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In conversation with Alaina Castillo

A new generation of fame

There’s nothing quite the same as this new generation’s rise to fame. With the influx of social media and all types of new media, there’s no stopping what stars like Alaina can accomplish! After releasing her highly anticipated EP the voicenotes, she became hard to miss- popping up on every platform that lives on your phone. Her lead single, just a boy, received over 10 million streams on Spotify, as tick-tock, YouTube, and Instagram flooded to her attention. Coming from Houston, Texas, Alaina ensures to combine her Latin roots within all of her music, providing both English and Spanish versions of some of her most popular tracks. For a prime example of the Generation-Z flare, check her out as she gives us a glimpse into her life! 


Hey Alaina! How are you doing today? Could you tell us a little bit about yourself as an artist and your sound?

Hello! Well, I started singing in church choirs and then when I joined high school, I started my own YouTube channel because I knew I wanted to become an artist, I just didn’t know how I was going to make it happen. I’ve always been the kind of person to stay in and find different ways to entertain myself so I think that’s when my creativity started to become its own thing and show throughout my lyrics, different vibes, aesthetics and sounds. I was discovered about a year and a half ago and since then I feel like I’ve just been learning more about who I am and what I want to say. I like music that makes you think or that puts you in a headspace where it’s almost like you’re dreaming for those three minutes because it feels like an escape, so that’s what I try to show in my music as well.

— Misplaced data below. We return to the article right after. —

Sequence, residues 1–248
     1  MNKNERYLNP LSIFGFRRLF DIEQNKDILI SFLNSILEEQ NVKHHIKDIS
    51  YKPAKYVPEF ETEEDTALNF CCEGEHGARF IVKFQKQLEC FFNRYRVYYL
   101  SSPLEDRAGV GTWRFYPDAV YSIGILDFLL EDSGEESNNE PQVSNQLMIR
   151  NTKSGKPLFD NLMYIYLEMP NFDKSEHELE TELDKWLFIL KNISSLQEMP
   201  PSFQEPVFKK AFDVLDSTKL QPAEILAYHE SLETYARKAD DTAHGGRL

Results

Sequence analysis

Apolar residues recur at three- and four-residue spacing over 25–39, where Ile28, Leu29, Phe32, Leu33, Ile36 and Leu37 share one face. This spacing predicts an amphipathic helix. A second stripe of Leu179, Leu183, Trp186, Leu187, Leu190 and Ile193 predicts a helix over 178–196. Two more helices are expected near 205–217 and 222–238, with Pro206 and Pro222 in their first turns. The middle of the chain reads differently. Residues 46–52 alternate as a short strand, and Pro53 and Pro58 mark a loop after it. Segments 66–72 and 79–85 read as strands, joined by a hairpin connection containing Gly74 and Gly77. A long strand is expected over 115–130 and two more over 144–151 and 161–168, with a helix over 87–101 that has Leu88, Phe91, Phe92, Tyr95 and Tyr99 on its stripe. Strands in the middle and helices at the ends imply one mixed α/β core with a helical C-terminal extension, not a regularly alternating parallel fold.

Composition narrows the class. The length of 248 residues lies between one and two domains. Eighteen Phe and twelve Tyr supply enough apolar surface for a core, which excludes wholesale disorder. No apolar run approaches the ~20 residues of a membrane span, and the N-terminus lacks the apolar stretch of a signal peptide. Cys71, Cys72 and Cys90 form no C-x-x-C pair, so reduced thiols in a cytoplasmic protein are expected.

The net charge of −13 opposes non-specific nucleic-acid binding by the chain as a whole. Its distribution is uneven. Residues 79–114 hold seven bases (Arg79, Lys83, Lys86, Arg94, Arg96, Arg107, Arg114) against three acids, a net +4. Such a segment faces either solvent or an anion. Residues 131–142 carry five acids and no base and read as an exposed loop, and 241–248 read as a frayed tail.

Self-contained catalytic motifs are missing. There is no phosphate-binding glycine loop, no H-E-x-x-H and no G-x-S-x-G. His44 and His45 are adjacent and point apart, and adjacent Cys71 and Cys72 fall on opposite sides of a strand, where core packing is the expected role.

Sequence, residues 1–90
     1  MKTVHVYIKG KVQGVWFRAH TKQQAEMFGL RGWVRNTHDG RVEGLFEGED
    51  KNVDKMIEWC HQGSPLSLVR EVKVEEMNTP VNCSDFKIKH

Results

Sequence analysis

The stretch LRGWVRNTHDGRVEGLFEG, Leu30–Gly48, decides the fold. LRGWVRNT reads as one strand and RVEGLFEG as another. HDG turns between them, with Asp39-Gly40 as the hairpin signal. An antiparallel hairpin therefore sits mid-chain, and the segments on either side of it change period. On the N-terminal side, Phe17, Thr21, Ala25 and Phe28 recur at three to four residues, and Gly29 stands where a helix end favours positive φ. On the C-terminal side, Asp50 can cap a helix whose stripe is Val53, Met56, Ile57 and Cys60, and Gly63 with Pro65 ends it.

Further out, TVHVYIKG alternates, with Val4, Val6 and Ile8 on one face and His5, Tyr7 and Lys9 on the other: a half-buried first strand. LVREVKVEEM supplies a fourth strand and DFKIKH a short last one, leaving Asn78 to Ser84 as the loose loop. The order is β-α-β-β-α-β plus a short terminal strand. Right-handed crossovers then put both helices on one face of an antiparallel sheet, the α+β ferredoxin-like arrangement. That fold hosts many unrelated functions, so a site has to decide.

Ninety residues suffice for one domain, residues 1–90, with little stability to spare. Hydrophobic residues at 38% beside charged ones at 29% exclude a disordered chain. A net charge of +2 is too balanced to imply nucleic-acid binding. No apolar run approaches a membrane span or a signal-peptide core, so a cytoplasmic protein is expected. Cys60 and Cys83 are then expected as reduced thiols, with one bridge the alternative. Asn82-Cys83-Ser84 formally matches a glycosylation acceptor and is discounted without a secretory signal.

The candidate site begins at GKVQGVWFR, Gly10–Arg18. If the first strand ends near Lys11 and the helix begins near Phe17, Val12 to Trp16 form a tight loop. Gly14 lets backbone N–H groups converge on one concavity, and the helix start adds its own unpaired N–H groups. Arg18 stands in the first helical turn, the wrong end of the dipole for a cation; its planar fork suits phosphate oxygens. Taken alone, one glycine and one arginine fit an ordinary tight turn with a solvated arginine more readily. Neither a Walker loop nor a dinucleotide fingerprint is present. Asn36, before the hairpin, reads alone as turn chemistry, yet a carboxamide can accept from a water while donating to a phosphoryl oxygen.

It’s been so nice watching you rise on the scene recently, how has this journey been for you?

Insane. It still is insane because just a couple of years ago, I was working at Subway and trying to figure things out for school and I didn’t know how any of this was going to happen. But then in a blink of an eye, I was flying to LA every other week and working in the studio. I’m thankful to be able to chase my dreams like this but I’m most excited for what’s to come because it just keeps getting better, and I’ve never been happier now that I get to go to the studio every day and just create real shit.

Your last EP the voicenotes kind of shot you to success – what about this EP do you think resonated so well with the audience? 

The whole idea behind the voicenotes EP was that I wrote about shit that I go through to help me get through it, but it is also there for other people who are going through the same things. Music lets you heal in ways that don’t involve talking or overthinking because you’re just listening to whatever the song makes you feel, and I think that’s what made it so special, to me at least.

 Your sound and message are very influential – what has been your influence as an artist?

I think I get influenced by my daily emotions and also the music I listen to and the places that I listen to that music in. I love working with imagery, metaphors and different ways of expressing what I’m trying to say because it forms a weird way of wording things which makes you stop and really get into what you’re listening.

You also have songs in both Spanish and English; why is this important to you? 

I grew up speaking English and had to learn Spanish on my own because my dad never really spoke it at home, so it’s something that I’ve felt very close to and proud of. I wanted to put it in my music because it’s just another form of me thinking. Sometimes I think in English and sometimes in Spanish so it’s just a part of the creative process. I also wanted people who speak Spanish and who might not be able to understand English to have something that they could understand and connect to.